The Labor Department said Friday that U.S. producer prices fell in November in and out of the energy sector, suggesting the inflation benchmark remains a distant goal.
Labor’s producer price index for final demand dipped 0.2 percent, a sharper fall than expected fueled by the continued fall in gasoline prices.
The so-called core measure of producer inflation, which excludes food, energy and trade services, remained flat. That will no doubt be taken as a bad sign by Federal Reserve policymakers who are expected to debate next week whether to keep a previous pledge regarding interest rates. Borrowing costs are likely now to stay next to nothing for a “considerable time.”
When compared to a year earlier, that core index was up just 1.5 percent, and that annual reading has been dropping a tenth of a point each month since September.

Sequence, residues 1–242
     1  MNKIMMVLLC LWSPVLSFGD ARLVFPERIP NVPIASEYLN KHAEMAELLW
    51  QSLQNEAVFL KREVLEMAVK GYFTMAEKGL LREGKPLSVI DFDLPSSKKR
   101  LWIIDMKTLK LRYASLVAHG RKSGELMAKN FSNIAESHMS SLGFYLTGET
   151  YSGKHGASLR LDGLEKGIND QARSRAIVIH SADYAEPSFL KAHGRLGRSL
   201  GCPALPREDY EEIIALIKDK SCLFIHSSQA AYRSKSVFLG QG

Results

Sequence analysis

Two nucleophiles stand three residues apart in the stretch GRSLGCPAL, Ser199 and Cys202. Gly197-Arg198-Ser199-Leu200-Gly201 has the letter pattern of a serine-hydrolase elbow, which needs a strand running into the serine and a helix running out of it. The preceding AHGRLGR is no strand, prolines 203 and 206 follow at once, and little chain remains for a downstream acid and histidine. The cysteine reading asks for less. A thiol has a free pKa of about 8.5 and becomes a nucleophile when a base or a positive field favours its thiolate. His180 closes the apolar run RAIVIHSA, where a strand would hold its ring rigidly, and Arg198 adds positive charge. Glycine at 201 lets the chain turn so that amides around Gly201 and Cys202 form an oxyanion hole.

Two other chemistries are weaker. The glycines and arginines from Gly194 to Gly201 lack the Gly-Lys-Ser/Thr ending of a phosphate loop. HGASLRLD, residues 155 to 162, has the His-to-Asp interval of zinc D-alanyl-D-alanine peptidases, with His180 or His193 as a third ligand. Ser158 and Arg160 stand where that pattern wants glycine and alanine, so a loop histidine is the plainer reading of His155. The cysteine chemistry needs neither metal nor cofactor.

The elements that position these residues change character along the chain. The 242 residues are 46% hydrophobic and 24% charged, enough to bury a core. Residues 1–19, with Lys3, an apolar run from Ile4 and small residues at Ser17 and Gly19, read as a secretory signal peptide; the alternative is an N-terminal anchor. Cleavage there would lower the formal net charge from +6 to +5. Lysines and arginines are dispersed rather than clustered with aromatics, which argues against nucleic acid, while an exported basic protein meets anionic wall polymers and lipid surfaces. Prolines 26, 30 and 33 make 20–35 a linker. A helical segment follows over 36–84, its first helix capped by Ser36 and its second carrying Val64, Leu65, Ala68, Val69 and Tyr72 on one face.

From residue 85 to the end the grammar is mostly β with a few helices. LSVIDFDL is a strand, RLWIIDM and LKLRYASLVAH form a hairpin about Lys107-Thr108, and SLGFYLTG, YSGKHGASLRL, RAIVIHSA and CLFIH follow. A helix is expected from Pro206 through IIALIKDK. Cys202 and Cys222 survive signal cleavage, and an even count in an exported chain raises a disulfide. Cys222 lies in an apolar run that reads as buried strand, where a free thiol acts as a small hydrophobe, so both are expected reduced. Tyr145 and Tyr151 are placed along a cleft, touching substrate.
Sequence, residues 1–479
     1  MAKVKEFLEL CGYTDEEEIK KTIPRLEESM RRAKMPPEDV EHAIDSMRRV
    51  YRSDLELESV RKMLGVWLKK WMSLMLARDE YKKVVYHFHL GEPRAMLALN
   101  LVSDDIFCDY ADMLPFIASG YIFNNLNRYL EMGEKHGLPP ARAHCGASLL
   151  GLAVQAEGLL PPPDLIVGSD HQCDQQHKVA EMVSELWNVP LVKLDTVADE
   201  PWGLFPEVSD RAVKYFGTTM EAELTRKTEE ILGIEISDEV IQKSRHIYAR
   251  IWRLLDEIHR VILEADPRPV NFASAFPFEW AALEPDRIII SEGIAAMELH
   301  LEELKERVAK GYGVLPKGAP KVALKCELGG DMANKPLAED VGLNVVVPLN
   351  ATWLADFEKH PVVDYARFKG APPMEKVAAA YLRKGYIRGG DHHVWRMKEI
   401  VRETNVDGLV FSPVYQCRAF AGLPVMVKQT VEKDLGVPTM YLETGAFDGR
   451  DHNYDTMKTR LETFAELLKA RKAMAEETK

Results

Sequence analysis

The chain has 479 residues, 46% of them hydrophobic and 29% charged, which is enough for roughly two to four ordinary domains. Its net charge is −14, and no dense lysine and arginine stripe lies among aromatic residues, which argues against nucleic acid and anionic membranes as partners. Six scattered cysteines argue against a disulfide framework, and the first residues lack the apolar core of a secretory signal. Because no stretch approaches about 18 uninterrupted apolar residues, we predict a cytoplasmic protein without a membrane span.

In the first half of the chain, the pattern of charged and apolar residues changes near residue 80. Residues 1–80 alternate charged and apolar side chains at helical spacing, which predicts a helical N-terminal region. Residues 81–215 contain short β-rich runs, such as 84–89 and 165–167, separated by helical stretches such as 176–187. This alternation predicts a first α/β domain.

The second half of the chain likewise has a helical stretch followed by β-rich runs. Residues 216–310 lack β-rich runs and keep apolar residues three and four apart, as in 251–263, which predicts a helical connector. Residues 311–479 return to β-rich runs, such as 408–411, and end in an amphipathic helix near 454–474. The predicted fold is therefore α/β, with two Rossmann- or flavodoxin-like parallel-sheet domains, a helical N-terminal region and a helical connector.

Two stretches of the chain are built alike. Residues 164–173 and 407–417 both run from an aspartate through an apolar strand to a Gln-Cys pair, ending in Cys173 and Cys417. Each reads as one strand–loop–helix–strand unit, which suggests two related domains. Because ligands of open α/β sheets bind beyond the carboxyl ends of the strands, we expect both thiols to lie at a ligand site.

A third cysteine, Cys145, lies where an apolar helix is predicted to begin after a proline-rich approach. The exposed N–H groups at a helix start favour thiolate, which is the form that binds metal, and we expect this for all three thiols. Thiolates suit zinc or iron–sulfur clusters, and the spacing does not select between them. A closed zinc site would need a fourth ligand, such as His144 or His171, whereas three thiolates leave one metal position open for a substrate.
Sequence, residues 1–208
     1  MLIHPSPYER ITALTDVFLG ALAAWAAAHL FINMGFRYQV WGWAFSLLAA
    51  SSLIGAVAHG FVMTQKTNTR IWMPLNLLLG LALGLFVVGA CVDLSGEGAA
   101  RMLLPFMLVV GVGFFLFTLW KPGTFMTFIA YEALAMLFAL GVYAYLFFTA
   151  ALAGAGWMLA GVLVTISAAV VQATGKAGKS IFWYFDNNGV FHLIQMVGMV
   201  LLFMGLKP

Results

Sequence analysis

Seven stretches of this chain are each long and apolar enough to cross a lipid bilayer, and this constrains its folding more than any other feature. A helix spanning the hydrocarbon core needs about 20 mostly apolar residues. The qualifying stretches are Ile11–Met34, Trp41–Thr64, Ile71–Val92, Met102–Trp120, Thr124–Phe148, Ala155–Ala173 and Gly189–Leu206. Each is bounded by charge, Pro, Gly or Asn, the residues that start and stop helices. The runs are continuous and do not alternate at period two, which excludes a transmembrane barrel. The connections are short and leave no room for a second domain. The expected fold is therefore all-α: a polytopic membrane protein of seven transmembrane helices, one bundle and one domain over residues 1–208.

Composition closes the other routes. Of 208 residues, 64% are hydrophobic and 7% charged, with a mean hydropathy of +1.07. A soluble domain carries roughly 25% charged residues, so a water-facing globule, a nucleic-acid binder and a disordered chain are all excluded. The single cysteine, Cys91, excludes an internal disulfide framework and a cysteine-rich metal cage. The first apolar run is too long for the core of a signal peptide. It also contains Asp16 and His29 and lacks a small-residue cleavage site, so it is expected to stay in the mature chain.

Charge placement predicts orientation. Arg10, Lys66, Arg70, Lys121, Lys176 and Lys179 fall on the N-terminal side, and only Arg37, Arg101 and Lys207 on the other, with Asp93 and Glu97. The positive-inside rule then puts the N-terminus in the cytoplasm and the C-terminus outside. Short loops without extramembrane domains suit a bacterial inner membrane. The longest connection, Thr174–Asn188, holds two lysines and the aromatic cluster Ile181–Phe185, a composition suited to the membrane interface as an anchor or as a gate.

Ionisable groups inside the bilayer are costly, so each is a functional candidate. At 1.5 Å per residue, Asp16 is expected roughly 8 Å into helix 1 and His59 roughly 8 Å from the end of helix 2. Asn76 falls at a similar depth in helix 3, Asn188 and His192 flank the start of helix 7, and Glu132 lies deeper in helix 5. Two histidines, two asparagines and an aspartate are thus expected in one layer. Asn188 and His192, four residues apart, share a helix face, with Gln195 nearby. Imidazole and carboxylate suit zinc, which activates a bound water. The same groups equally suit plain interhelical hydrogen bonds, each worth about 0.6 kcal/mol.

Another core reading that only strips out food and energy was also flat on the month and up 1.8 percent year over year.
Fed officials largely view the current low inflation environment as transitory and believe the likelihood of inflation running persistently below the U.S. central bank’s 2 percent target has diminished somewhat since early this year. The drop in gasoline prices, for example, could prove temporary.